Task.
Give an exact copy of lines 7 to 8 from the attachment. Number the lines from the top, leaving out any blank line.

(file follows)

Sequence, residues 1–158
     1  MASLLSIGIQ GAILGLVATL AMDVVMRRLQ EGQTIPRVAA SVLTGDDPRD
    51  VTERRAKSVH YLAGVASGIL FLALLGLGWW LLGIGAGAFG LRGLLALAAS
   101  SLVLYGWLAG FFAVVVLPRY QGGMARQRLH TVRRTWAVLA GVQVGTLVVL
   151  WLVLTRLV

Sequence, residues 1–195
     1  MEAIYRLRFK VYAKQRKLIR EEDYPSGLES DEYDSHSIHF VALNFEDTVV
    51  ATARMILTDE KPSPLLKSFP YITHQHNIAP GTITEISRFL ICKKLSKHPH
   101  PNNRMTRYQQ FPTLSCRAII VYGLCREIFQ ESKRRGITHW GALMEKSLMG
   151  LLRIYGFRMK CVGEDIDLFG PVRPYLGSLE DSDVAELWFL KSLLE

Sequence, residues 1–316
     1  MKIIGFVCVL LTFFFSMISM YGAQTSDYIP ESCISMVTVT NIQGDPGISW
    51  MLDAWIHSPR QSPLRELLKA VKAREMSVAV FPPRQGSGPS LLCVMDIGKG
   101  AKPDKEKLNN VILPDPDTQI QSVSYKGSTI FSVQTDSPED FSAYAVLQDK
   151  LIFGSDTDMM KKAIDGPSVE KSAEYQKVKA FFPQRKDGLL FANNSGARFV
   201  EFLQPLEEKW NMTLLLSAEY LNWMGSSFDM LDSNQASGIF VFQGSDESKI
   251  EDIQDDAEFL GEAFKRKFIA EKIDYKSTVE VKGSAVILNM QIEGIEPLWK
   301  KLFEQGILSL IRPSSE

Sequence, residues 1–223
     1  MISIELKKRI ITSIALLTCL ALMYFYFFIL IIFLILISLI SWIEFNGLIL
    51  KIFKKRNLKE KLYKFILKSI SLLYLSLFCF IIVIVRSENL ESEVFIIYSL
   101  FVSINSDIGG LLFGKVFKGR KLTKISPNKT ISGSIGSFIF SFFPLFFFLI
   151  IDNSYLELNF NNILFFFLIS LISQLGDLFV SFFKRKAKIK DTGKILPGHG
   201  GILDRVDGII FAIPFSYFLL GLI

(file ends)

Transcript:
     1  MEAIYRLRFK VYAKQRKLIR EEDYPSGLES DEYDSHSIHF VALNFEDTVV
    51  ATARMILTDE KPSPLLKSFP YITHQHNIAP GTITEISRFL ICKKLSKHPH